I enter upon the task with much distrust. It is a difficult task at all times to speak and to write in foreign language, and I fear I shall not succeed to the satisfaction of myself, or to my readers.
My title will not be so attractive to the American ears, as if it related to any other unknown people. A tour in Arabia, or Spain, or in India, or some other foreign country, with far less important and interesting material, would secure a greater number of readers, as we are always more curious about things afar off.
I might have covered many pages with "Indian Atrocities," but these have been detailed in other histories, till they are familiar to every ear, and I had neither room nor inclination for even a glance at war and its dark records.
To animate a kinder feeling between the white people and the Indians, established by a truer knowledge of our civil and domestic life, and of our capabilities for future elevation, is the motive for which this work is founded.
The present Tuscarora Indians, the once powerful and gifted nation, after their expulsion from the South, came North, and were initiated in the confederacy of the Iroquois, and who formerly held under their jurisdiction the largest portion of the Eastern States, now dwell within your bounds, as dependent nations, subject to the guardianship and supervision of a people who displaced their forefathers. Our numbers, the circumstances of our past history and present condition, and more especially the relation in which we stand to the people of the State, suggest many important questions concerning our future destiny.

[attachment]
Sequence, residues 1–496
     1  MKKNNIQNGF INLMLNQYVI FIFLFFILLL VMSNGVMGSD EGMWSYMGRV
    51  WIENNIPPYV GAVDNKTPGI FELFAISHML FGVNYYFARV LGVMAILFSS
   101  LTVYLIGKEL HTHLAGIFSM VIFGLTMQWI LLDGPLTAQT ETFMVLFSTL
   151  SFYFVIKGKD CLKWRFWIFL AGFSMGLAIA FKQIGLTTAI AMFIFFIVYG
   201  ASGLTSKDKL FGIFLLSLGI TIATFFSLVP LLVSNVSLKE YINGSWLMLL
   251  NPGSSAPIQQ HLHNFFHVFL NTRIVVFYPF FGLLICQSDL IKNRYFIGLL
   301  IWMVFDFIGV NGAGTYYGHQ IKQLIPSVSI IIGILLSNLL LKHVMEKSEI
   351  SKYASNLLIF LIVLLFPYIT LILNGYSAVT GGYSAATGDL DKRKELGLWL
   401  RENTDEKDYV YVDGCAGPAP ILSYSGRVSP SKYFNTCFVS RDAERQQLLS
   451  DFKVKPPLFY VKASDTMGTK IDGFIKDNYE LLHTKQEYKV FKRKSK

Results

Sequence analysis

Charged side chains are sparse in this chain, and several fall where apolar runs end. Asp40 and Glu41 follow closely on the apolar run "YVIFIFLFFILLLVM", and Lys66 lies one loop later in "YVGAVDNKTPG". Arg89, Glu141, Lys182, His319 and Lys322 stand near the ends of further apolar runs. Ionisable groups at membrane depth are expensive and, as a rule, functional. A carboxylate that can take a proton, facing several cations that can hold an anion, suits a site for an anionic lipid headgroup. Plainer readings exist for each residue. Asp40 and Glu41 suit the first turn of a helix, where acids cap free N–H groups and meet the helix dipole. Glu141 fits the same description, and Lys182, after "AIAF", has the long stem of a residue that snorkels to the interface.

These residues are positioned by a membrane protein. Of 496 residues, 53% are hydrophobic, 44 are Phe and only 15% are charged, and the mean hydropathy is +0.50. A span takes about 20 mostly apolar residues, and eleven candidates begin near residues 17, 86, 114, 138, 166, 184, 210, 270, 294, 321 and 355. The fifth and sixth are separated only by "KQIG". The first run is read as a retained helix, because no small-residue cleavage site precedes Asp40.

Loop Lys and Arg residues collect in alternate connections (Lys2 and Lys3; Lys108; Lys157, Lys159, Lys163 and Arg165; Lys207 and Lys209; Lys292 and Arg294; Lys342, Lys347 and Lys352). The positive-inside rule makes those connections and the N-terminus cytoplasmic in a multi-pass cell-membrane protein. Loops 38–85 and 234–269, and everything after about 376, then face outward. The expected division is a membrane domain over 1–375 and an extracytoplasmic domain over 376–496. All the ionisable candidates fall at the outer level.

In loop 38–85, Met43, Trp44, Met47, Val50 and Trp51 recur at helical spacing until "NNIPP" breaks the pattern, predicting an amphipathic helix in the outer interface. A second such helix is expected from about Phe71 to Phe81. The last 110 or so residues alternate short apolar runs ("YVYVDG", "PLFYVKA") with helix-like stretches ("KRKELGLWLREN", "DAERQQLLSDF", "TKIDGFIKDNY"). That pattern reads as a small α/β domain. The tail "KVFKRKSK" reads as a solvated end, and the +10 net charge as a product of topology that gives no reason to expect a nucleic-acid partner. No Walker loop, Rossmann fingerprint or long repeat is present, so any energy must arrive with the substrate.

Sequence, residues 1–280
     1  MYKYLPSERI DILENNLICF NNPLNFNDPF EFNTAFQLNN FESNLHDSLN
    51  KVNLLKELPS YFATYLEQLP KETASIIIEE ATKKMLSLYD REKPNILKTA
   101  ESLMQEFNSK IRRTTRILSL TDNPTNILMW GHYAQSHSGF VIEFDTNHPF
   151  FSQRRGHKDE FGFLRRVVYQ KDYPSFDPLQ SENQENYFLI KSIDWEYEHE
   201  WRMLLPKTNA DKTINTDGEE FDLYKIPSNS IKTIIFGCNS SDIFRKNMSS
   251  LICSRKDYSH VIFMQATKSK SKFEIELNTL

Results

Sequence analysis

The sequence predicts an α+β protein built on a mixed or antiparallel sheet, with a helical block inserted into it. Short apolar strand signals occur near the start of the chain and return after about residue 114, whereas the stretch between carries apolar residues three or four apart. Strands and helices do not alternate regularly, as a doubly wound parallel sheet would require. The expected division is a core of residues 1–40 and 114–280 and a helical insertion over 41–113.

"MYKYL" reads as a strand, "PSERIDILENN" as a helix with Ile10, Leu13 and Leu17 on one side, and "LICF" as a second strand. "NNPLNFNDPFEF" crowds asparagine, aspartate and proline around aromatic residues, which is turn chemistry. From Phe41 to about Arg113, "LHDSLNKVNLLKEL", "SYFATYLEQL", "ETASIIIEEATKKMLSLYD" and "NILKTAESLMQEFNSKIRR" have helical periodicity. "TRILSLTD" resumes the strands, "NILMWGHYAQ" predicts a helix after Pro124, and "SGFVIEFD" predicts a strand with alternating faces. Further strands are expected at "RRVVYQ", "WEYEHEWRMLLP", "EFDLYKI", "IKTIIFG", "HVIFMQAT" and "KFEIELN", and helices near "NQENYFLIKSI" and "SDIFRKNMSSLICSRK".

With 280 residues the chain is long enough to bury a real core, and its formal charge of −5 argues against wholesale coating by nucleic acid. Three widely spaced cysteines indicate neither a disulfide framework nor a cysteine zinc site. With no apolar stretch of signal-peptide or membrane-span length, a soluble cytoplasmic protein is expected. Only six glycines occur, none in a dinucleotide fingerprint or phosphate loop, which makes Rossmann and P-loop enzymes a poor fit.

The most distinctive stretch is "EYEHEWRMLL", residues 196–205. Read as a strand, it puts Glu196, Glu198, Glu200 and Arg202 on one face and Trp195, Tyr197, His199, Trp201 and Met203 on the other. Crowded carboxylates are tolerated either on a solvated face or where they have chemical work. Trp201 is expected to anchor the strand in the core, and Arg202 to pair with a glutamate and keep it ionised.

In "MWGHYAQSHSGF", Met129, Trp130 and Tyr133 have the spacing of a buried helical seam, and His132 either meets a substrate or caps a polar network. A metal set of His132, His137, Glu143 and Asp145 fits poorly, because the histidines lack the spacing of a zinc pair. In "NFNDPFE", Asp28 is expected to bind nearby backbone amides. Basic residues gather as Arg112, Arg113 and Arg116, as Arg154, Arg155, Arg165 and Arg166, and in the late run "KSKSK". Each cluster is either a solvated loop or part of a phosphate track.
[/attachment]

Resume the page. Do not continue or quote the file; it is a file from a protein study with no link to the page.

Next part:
Being born to an inauspicious fate, which makes us the inheritors of many wrongs, we have been unable, of ourselves, to escape from the complicated difficulties which accelerate our decline. To make worse these adverse influences, the public estimation of the Indian, resting, as it does, upon the imperfect knowledge of their character, and infused, as it ever has been, with the prejudice, is universally unjust.
The time has come in which it is no more than right to cast away all ancient antipathies, all inherited opinions, and to take a nearer view of our social life, condition and wants, and to learn anew your duty concerning the Indians. Nevertheless, the embarrassments that have obstructed our progress, in the obscurity which we have lived, and the prevailing indifference to our welfare, we have gradually overcame many of the evils inherent in our social system, and raised ourselves to a degree of prosperity. Our present condition, if considered in connection with the ordeal through which we have passed, shows that there is the presence of an element in our character which must eventually lead to important results.
As I do not profess that this work is based upon authorities, a question might arise in the breast of some reader, where these materials were derived, or what reliance is to be placed upon its contents. The credibility of a witness is known to depend chiefly upon his means of knowledge. For this reason, I deem it important to state, that I was born and brought up by Tuscarora Indian parents on their Reservation in the Town of Lewiston, N.Y. From my childhood up was naturally inquisitive and delighted in thrilling stories, which led me to frequent the old people of my childhood's days, and solicited them to relate the old Legends and their Traditions, which they always delighted to do. I have sat by their fireside and heard them, and thus they were instilled upon my young mind. I also owe much of my information to our Chief, JOHN MT. PLEASANT. I have also read much of Indian history, and compared them with our LEGENDS and TRADITIONS.